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FX Update: Commodity FX vulnerable on further CNH weakness.

Forex 4 minutes to read
John Hardy

Head of FX Strategy

Summary:  While the euro garners new headlines as EURUSD trades to new local lows and threatens the 2020 cycle low, the currencies most at risk if the US dollar strengthens, and especially if the CNH continues to weaken, are commodity-linked currencies from the commodity dollars and NOK within the G-10, to EM currencies, whether Asian or commodity correlated.


FX Trading focus: Commodity FX vulnerable on further CNH weakness

As we look at the impact of the sharp Chinese yuan weakening that began a week ago and accelerated thereafter until yesterday’s “check” from Chinese authorities, the clearest losers have been currencies closely linked with direct export exposure to China, including especially commodity-linked currencies as commodities have been marked lower on the surging US dollar and Chinese demand concerns. The Caixin March Services PMI dropped to 42 and is expected even lower for April, suggesting powerful contraction.

On that score, the Aussie is doubly exposed and has tumbled lower just after reaching new broad highs on heavy anticipation of rising commodity prices, especially those for which price rises have been aggravated due the war in Ukraine. China’s virus-fighting challenges and the risk of imminent shutdowns in the capital of Beijing are driving further concerns of economic weakness. The whole situation means both that commodity import demand could be set to remain weak or even weaken further for now and reflexively, that China can allow itself the luxury of revaluing its currency in lower to help offset the downside risk on the export side of the economy from having lost competitiveness to peers in Asia – particularly Japan – all without new inflationary risks as commodity prices are, after all falling. Thus, as long as China is pursuing a considerable adjustment lower in its currency basket, to the tune of 5-7% perhaps on a broad basis, the weakness could risk having a multiplicative effect into commodity FX. Already, the most commodity-associated of the smaller G-10 currencies have weakened and could weaken further (the CAD somewhat protected by its proximity to the US and on-again, off-again correlation with the USD in the crosses. As noted below, NOK bears watching for aggravated volatility if it trades through key levels.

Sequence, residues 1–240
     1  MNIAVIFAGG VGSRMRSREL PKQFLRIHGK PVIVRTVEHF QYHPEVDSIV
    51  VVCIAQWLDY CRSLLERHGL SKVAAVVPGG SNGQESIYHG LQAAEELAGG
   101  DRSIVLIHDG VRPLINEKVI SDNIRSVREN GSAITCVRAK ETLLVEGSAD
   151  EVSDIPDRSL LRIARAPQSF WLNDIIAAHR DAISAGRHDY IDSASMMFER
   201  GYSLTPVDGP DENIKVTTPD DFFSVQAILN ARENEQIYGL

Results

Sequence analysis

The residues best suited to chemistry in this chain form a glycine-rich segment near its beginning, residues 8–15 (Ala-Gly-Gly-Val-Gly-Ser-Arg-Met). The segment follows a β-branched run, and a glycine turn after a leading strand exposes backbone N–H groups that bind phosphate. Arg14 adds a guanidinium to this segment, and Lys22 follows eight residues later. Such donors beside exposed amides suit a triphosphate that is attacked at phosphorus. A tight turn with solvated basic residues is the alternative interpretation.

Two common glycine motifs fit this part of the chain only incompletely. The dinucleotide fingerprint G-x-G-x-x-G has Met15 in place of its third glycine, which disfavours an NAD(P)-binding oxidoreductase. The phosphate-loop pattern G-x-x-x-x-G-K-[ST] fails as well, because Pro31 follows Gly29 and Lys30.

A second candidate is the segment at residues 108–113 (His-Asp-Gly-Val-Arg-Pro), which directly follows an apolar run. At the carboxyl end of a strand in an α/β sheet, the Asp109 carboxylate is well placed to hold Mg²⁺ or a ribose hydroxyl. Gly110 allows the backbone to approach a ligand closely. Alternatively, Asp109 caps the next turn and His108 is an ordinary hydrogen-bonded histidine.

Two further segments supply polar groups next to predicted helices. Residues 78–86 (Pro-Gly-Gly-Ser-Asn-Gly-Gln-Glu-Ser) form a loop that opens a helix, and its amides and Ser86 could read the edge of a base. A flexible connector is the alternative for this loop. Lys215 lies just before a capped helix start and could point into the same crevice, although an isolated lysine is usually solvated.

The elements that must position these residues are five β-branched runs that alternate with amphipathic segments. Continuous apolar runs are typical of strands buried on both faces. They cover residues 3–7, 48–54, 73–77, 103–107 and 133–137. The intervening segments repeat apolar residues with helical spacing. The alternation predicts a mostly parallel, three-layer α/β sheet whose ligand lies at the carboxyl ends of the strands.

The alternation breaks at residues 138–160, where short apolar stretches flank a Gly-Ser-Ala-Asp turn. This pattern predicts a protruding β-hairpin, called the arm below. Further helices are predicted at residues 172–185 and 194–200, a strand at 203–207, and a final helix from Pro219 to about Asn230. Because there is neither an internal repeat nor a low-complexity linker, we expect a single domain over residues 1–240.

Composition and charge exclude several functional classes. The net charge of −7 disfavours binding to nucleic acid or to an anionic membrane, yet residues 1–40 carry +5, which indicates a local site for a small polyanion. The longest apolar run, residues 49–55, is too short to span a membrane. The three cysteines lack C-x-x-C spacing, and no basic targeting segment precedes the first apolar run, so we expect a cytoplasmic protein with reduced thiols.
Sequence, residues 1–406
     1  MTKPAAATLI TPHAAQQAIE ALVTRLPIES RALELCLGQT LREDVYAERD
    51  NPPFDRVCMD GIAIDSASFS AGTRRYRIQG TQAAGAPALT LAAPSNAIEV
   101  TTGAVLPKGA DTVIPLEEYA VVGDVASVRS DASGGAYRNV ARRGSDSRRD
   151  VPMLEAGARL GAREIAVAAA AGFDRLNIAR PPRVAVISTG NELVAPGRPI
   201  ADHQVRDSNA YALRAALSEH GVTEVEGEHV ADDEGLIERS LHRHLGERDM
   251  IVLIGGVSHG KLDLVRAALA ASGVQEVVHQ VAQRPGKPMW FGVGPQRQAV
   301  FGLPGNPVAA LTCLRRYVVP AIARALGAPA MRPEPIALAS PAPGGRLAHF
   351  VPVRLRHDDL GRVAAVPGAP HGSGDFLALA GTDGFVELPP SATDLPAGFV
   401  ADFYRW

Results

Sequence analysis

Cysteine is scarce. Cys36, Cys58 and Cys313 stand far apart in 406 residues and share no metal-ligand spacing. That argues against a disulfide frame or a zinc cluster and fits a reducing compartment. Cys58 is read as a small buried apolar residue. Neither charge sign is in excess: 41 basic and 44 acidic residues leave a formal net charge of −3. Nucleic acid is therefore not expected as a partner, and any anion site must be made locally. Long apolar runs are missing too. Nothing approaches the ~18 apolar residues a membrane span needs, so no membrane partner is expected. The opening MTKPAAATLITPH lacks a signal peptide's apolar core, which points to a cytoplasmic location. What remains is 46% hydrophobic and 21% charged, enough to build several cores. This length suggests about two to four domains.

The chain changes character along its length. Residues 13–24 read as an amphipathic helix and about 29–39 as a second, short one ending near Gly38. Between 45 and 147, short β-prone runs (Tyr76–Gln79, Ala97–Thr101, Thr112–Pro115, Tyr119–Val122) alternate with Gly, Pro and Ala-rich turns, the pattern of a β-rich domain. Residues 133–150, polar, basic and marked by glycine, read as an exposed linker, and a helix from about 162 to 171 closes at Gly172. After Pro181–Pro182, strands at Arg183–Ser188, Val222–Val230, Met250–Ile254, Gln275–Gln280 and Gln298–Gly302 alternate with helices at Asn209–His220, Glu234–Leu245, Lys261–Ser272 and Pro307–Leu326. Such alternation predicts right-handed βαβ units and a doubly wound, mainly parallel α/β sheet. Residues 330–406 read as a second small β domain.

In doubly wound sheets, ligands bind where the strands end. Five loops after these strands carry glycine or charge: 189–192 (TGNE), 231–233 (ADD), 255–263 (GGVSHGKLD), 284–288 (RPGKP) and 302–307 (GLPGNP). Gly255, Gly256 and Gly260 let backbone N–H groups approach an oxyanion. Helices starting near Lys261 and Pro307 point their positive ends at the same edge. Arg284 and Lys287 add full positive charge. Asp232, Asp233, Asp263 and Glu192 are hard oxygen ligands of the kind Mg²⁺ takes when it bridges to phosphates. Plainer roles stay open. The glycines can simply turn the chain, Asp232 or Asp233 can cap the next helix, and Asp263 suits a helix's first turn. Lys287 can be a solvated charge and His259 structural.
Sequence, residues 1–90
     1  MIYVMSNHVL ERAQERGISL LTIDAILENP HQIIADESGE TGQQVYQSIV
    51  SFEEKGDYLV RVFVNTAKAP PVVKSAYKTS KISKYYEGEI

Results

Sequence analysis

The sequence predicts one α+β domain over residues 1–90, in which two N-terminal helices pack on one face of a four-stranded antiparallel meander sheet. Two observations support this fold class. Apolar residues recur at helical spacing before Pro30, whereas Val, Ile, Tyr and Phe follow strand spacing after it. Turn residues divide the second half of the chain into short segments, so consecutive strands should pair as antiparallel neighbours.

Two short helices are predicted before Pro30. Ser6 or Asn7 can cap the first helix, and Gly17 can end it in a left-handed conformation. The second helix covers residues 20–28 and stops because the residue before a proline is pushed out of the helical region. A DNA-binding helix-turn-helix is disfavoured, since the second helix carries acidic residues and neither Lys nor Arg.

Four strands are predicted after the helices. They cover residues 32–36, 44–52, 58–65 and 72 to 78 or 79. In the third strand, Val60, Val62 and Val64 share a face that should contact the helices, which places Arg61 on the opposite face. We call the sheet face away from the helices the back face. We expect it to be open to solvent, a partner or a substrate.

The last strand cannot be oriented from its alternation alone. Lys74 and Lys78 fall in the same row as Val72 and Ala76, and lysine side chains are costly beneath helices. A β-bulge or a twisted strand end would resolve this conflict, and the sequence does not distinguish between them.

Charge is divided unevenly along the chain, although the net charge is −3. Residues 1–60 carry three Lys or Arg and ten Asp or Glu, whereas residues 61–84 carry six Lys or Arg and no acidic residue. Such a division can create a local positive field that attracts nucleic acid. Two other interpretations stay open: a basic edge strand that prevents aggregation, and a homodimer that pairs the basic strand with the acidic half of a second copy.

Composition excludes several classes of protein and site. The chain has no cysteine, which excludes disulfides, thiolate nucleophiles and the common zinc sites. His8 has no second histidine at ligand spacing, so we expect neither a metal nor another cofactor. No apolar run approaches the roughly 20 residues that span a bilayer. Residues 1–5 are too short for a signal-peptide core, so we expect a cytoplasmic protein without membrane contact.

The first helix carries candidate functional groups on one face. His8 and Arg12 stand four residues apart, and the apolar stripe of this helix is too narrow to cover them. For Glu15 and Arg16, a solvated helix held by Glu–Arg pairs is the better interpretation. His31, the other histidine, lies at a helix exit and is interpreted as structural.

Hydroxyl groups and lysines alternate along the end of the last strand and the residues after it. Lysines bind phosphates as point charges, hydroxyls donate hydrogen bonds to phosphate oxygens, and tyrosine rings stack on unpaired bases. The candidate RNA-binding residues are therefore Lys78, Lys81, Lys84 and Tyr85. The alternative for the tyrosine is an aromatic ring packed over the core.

Pursuing the logic further and the knock-on effects into the rest of a FX, a decent consolidation in commodity prices could cool expectations for central bank hawkishness, even if only for a while after the late stunning rise in prices. This could send bond yields into consolidation mode lower and boost the Japanese yen and Swiss franc and even the euro to a degree in some crosses.

Another winner in the crosses could continue to be the Swedish krona in crosses like NOKSEK (although probably more than half of that consolidation has already occurred) while I also like fading EURSEK upside eventually, though concerned that a risk-off spike could yet see another spike higher. Speaking of NOK, key levels have been in play in USDNOK in particularly, where stops could be lined up above 9.2000 and primed for a considerable spike higher should crude oil prices correct through 98-100 in Brent. Similarly, we’re still far away, but the 10.00 level in EURNOK deserves attention if approached.